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Spanish-language misinformation is flourishing — and often hidden. Is help on the way?
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Jan. 31, 2020, 2:39 p.m.
Mobile & Apps
LINK: www.rjionline.org  ➚   |   Posted by: Hanaa' Tameez   |   January 31, 2020

Many journalists are put in some degree of danger because of their work — from the most extreme examples (the Capital Gazette shooting, the bomb that was mailed to CNN, the 25 journalists killed for their work around the world in 2019) to more limited cases.

But this week’s controversy involving Washington Post reporter Felicia Sonmez (who was subjected to death and rape threats after tweeting an article about Kobe Bryant’s rape accusation) only highlighted what we already know to be true: women, and particularly women of color, bear the brunt of harassment, both online and in person.

According to a 2019 survey of 115 of female and gender-nonconforming journalists by the Committee to Protect Journalists, 70 percent experienced safety issues on the job while 90 percent indicated online harassment as the biggest threat to journalist safety.

Because journalists are often required to have an online presence, Kat Duncan, the interim director of innovation at the Reynolds Journalism Institute at the University of Missouri, thought it was only fitting to design an app that offers support and resources to female journalists in dangerous situations.

Cue JSafe.

Duncan said the idea came out of the Women in Journalism workshop she runs at Mizzou every year. “I had a lot of closed-door discussions about safety, online safety, trolls, and what everyone goes through. The consensus was that it was getting more intense online with bots and trolls,” Duncan said. “The women I was talking to said they wanted a way to log what was happening in a safe way, so that if something were to happen to them, they had proof somewhere.”

She partnered with Mizzou’s College of Engineering to build the app but knew someone else had to run it full-time once it launched. She posted in Riotrrrs Of Journalism, a private Facebook group for women in journalism, to see if anyone would be willing to manage the app. The Coalition of Women in Journalism reached out and said they already offer similar support services and offered to take it over once it launches.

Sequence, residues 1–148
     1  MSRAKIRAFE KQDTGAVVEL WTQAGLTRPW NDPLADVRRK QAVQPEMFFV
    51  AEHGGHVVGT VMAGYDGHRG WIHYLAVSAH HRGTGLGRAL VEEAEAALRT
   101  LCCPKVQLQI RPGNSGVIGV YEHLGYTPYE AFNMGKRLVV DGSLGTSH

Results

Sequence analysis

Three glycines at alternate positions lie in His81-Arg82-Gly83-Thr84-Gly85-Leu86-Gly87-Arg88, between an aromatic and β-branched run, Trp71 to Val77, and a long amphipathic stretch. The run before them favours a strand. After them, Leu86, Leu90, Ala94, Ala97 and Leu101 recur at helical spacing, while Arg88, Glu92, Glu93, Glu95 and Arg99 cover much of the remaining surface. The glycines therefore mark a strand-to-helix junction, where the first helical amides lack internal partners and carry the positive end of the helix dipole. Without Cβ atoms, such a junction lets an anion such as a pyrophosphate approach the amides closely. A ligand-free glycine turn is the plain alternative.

The app is pretty basic. Users can add an incident, include photos and videos, and add a location tag. They can also add a hashtag so that attacks can be sorted. If they mark an incident as “urgent,” it’ll alert the Coalition to follow up with the journalist about resources (about mental health services, attorney information, law enforcement contacts, etc) and next steps. Duncan said the Coalition will also track certain Twitter handles and Facebook accounts so that they can work with the social media platforms to shut down abusive accounts.

Harassment “has always been an issue for women in the field,” Duncan said. “I was a female photographer on the sidelines of football games. You could leave it behind when you got home but now, journalists have to be on Facebook and Twitter and they’re just getting bombarded with trolls. We’d love to help them in these situations.”

Duncan is now looking for 50 beta testers to get feedback on the app and launch it later this spring. You can sign up here.

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